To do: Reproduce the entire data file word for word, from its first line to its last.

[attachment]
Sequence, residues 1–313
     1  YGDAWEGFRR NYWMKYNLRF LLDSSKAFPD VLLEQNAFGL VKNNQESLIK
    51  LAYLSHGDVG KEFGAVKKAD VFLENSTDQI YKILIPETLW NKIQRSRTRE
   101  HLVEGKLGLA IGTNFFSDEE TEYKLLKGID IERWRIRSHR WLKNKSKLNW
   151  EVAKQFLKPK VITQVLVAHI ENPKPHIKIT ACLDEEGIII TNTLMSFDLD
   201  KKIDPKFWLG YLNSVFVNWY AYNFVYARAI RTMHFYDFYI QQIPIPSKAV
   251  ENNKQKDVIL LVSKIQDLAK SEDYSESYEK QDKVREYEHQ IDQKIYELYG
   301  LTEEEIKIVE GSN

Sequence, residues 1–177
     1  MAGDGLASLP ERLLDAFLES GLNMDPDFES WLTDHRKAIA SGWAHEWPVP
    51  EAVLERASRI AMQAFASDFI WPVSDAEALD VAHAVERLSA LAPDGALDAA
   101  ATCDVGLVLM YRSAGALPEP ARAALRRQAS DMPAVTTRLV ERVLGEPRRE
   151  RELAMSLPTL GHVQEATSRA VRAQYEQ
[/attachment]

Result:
Sequence, residues 1–313
     1  YGDAWEGFRR NYWMKYNLRF LLDSSKAFPD VLLEQNAFGL VKNNQESLIK
    51  LAYLSHGDVG KEFGAVKKAD VFLENSTDQI YKILIPETLW NKIQRSRTRE
   101  HLVEGKLGLA IGTNFFSDEE TEYKLLKGID IERWRIRSHR WLKNKSKLNW
   151  EVAKQFLKPK VITQVLVAHI ENPKPHIKIT ACLDEEGIII TNTLMSFDLD
   201  KKIDPKFWLG YLNSVFVNWY AYNFVYARAI RTMHFYDFYI QQIPIPSKAV
   251  ENNKQKDVIL LVSKIQDLAK SEDYSESYEK QDKVREYEHQ IDQKIYELYG
   301  LTEEEIKIVE GSN

Sequence, residues 1–177
     1  MAGDGLASLP ERLLDAFLES GLNMDPDFES WLTDHRKAIA SGWAHEWPVP
    51  EAVLERASRI AMQAFASDFI WPVSDAEALD VAHAVERLSA LAPDGALDAA
   101  ATCDVGLVLM YRSAGALPEP ARAALRRQAS DMPAVTTRLV ERVLGEPRRE
   151  RELAMSLPTL GHVQEATSRA VRAQYEQ